This Moment: Starbucks 10:08 A.M. June 8,2012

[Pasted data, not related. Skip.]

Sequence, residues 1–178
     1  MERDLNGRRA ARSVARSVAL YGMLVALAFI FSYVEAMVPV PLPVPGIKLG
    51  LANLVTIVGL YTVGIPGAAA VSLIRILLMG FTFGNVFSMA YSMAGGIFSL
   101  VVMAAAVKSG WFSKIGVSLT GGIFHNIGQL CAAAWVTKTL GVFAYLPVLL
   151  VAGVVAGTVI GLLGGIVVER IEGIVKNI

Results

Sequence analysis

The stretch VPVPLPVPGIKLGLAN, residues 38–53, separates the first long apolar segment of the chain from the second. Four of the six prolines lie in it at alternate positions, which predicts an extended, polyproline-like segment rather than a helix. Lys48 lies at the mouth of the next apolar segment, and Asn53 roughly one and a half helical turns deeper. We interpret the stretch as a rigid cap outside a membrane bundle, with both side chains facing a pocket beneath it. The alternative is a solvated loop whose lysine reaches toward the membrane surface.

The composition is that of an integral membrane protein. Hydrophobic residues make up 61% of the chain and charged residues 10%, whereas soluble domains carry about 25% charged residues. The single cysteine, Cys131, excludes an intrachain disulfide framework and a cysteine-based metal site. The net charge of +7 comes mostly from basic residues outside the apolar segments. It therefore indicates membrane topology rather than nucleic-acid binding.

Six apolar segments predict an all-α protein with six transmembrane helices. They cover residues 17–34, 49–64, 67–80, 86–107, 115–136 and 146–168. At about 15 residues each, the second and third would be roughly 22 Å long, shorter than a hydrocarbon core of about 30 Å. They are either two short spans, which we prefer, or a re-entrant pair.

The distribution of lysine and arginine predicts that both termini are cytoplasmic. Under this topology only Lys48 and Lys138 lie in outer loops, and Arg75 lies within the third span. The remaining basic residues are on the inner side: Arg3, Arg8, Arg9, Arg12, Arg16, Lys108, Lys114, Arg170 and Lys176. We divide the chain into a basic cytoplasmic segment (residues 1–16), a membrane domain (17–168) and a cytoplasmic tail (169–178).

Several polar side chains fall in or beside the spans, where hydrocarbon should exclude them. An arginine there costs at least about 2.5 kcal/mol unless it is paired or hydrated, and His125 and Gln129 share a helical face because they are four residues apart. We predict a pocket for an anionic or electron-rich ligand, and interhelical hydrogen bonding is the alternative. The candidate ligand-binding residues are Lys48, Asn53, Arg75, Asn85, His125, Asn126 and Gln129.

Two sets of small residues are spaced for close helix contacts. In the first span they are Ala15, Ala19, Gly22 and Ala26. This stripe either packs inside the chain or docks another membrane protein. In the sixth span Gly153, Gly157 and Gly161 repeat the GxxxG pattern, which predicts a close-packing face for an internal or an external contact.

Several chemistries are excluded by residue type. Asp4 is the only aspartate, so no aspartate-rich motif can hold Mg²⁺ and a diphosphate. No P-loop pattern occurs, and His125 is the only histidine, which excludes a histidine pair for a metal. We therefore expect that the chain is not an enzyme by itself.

I am seated at a small table near a window with a view of a SUV-filled parking lot. Julia Stone's It's Alright set the tone of my day with it tale of strangely distant and unrequited love. The music playing in the coffee shop at this very moment is a jazzy disco attempt featuring a flute and synthesized drum beat. The more I focus on it, the more I feel the urge to scream Uncle to make it stop. The shop is filled with women paying homage to Queen's fat-bottomed girls song until a thin blond woman in cut off jeans shorts and a black tank enters. The bald man at the table next to mine looks up from his laptop for the first time, crosses his arms on the table and leans into his observation. He has a large black flattish mole the size and shape of my thumb's nail on his left cheek just under his hawk-like cheekbones. Suddenly he pulls a ball cap on. His focus has shifted to a muscular blond with a winged snake tattoo spread over her ample forearm. He is leaving now, laptop tucked under his right arm. He is much older than I first thought. I am reading a memoir of a woman who was abandoned at three by her omma in a South Korean market who has used travel and cooking to escape her loneliness. A small child and his buzz hair cut is skipping around the coffee displays punching the air and shouting, let's roll dude! Until his mother collects her drink and purse and repeats the same directive. Another woman and her crying son enter and head straight for the boys room. The man sitting across from me is all neck and muscle, his black soul patch nearly disappearing into his army chin. The woman and boy leave, broad smiles stretched across their faces. A beautiful older woman in wide cropped pants and peasant blouse resembling Puccini's despairing clown orders a caramel macchiato and I think to ask her how she gathered her courage this morning to dress for a role in the opera. She leaves and I watch until she drives away. When I am in Paris this fall I vow I will pull my long dark hair back into a tight bun at the nape of my neck and channel Maria Callas. A song from an era before I was born about not being promised a rose garden comes on and is my cue to leave and walk out into the day and it's bright unforgiving light.

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